Cloud Environments vs. Shared Hosting Thinking

I’m totally in sandbox mode of build, destroy, build, modify, destroy, build etc etc etc mode trying to wrap my head around R-Cloud.
The immediate benefit of using Cloud vs Shared Hosting is being able to customize the architecture of your environment. I mentioned this when I started diving into installing the Adapt Authoring Tool. Tim has been super busy adding all kinds of neat tools so of course I want to see them.
On my shared hosting there are also lots of great tools, so when I’m there I head to cPanel, spin up a subdomain, and install an application like wordpress or lychee. My gut reaction in Cloud is to head to the market place, find the app, and one click install it. This of course spins up a whole new environment (which is so handy), but what got me reconsidering my approach and frame of mind around Cloud vs Shared hosting was the 3 environment limit for the beta.
It felt natural to spin up a new environment for every application I wanted to install, but that prompt got me wondering about adding multiple applications to one environment that used the same stack (which is how I believe the shared hosting works). I wonder how common my inclination to just spin up whole environments would be among others in the beta or more generally, and the pros/cons of that approach would be.
As I was typing this I recalled that cPanel is an option to install into an environments. Does this mean in theory I could spin up an environment with a cPanel similar to my Shared Hosting account? My brain is frying with the possibilities but also with trying to reconcile how I work with applications.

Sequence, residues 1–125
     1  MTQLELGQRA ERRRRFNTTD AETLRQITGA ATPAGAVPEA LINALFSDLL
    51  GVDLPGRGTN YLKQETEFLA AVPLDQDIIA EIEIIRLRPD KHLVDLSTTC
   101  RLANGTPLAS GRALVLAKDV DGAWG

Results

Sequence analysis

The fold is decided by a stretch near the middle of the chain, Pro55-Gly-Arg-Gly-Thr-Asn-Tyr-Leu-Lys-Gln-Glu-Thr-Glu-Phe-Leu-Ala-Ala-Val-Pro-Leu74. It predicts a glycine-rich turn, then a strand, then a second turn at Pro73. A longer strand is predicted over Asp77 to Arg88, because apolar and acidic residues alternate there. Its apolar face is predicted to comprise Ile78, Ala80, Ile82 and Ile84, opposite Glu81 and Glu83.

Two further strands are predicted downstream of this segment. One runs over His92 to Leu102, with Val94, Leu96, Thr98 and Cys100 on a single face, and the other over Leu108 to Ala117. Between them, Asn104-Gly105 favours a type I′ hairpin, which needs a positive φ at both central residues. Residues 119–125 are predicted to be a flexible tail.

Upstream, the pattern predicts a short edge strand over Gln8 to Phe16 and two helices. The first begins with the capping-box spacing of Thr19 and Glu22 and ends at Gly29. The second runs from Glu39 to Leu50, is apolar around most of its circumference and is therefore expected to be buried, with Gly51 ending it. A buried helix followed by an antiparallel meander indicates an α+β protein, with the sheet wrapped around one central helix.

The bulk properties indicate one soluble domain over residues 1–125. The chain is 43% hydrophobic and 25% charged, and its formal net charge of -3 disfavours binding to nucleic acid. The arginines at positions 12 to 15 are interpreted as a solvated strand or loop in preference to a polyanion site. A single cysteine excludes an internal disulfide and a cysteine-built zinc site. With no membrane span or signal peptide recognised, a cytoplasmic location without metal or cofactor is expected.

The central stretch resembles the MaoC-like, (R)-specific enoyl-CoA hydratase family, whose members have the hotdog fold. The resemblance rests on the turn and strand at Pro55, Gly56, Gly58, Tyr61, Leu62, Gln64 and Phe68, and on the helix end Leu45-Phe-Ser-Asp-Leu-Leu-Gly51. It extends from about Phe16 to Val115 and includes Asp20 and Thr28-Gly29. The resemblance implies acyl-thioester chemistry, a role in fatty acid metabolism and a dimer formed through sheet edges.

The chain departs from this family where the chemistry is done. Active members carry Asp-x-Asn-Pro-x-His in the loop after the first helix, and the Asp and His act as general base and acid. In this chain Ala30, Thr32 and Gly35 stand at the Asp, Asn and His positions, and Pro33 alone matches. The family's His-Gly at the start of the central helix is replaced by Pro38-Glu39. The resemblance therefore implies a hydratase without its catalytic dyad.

There are definitely pros and cons to both approaches. It’s cleaner to setup separate environments for every project because you can more easily track resource usage for a project, you can share that environment with other users, or even transfer ownership to another user. Logs are cleaner since you know there’s just one application you are focusing on. So lots of benefits to keeping it all separate.

The argument for multiple applications that share a stack using the same environment would in part be one of resources. For example you could absolutely have an environment with a MySQL database and use the connection details to host many MySQL databases. In fact many of the app server stacks support multiple deployments (subdirectories like /blog /course etc, not subdomains) so a single LEMP stack could get you pretty far. cPanel is overkill, technically possible but it comes with high licensing costs and rarely cost effective unless you’re a hosting company serving up sites for hundreds of users.

The 3 env limit for beta will disappear when we go commercial and there are technically no costs for an environment, only the resources that it uses (disk space and cloudlets). So in that sense while a single environment housing a bunch of projects might seem an attractive idea to save money, you have to be sure you aren’t creating a massive stack that is running 36+ cloudlets when 8 different environments running 2-3 cloudlets each might also work. So finding a balance is key and some of that comes with experimentation and also depends greatly on how you want to structure your projects. Myself I almost always lean towards 1 env per project.

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